The House Where Beauty Lives

Rosenthal artwork 137“Have nothing in your houses that you do not know to be useful or believe to be beautiful.”

Art collector Roberta Ahmanson quotes this famous challenge by the late nineteenth century British artist William in her interview with Greg Wolfe in the current issue of Image (issue 83). Morris’s imperative naturally moves me to make a mental inventory of the stuff in my house.

In my clothes closets, I instantly fail his test; too much there is no longer useful. The hand-woven blouse that I bought in Guatemala and don’t wear passes because of its beauty.

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The Crucifix’s Motley Crew

motleybluesArchibald Motley’s most famous paintings jump and jive, then they wail. You might have seen Blues (1929) or Hot Rhythm (1961). There are a lot of people moving around on those two canvases.

There is music. There are fabulous outfits. The word “commotion” comes to mind when you look at a painting by the mature Motley (a retrospective of his work is currently on display at LACMA in Los Angeles).

Motley studied at the Art Institute of Chicago. Later, he received a Guggenheim Grant to go to Paris. This was in the late 1920s. Looking at a painting like Hot Rhythm, you can see that Motley picked up lessons in composition by studying everyone from Rubens to Picasso.

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Appreciating Andrew Wyeth

I’ve had a few nasty discoveries of late. All too often, I’ve found out that things I’ve always valued are considered to have very little value in the estimation of the going market. They’re just not worth as much as I’d believed.

“And why the hell not?” I’ll ask, irked, when given the dismissive news by financiers, appraisers, auctioneers, and agents—anybody whose expertise I’ve called upon for a valuation.

It doesn’t sit well, disillusionment—especially when you think the rest of the world has got it all wrong, and when you’d been counting on their tastes to be in line with your own.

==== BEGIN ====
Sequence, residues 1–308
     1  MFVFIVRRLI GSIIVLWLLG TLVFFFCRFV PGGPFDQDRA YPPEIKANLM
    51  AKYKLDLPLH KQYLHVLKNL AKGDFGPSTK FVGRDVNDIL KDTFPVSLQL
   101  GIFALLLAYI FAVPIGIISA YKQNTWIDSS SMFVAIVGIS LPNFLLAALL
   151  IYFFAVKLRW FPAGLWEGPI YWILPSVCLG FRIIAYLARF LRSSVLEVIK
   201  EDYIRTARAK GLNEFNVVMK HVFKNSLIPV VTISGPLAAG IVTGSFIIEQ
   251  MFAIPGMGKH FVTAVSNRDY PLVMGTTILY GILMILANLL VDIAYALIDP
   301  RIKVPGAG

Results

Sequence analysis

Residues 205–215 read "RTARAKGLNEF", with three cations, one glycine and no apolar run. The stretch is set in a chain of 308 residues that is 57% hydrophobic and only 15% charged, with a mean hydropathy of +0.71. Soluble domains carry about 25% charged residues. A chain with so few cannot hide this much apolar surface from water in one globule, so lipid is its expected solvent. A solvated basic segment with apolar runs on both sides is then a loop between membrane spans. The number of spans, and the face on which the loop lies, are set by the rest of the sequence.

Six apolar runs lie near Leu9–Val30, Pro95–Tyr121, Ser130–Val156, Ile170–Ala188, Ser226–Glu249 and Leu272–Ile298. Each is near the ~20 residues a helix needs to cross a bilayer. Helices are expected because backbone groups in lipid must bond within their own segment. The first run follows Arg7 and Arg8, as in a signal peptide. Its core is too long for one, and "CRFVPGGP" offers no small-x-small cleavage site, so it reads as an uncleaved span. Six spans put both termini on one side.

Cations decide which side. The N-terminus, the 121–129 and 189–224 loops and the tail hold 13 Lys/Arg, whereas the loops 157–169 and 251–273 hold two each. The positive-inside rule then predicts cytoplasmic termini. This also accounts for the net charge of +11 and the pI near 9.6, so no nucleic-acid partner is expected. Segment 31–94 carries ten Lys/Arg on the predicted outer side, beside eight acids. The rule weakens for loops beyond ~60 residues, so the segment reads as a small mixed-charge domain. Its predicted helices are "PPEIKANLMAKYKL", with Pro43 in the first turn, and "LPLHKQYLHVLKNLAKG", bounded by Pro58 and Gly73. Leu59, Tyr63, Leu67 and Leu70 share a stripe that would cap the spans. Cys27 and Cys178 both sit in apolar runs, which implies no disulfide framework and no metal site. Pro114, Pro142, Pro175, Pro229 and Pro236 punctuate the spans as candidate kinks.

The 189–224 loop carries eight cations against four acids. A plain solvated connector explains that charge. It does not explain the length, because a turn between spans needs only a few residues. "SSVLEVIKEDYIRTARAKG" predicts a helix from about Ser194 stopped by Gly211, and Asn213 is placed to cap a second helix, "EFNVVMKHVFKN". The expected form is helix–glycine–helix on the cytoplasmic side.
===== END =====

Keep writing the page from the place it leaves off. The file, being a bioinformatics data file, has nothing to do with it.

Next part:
So I wasn’t in the mood for more of the same the other day, after I went to The National Gallery of Art’s new exhibit on Andrew Wyeth. I like Wyeth very much, and after seeing the works—wonderful, evocative renderings of various portals in the farmhouses that he memorialized around his Maine landscape—I did a little research to learn more about some of the images.

Lo and behold, turns out Andrew is a favorite whipping boy of the modern art scene.

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Making It New: The Image Fall Appeal

Consider the coffee table. It’s a venerable and eminently practical piece of furniture. Most of us have at least one. It’s a great place to put centerpieces, books, even literary journals. Some of us may put our coffee mugs on it from time to time.

But have you ever noticed how often these days that coffee tables aren’t coffee tables? Walker Percy did. In Lost in the Cosmos: The Last Self-Help Guide, Percy noted that a home and garden magazine had listed fifty ways to make coffee tables…out of something else. The examples cited included: a polished Cypress stump, a lobster trap, a large spool for telephone cable, and a stone morgue table, with the runnel for blood used as an ash tray.

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The Mill and the Cross

In Breughel’s panoramic painting, “The Procession to Calvary,” the fallen Savior, collapsed under the cross beam, is mostly ignored. Although he’s right in the center of things, nobody pays him too much mind. Instead, the fantastic landscape that surrounds him churns with a thousand wheels of activity, each cog connected to the other, spinning upon its fellows like the clockwork mill that sits atop a monument of stone, high above.

Breughel seems to have loved this approach, philosopher artist that he was. It made a lifetime of statements for him: E.g., “Yes, a winged man is falling from the heavens over there to my right, but I’ve got forty acres to plow and my feet are killing me.” Historic things can happen throughout a day, implies Brueghel; still, the pot boils, the baby cries, and the cow bellows to be milked; our attentions go elsewhere. The eschaton might begin its fateful crack right next door, but chances are we’ll be tying our shoelaces when it does. One of Breughel’s modern descendants is the Englishman Stanley Spencer, who used Cookham village to stand in for the world, going about its hum-drum business as its creator ambles by on the road to reality’s inversion.

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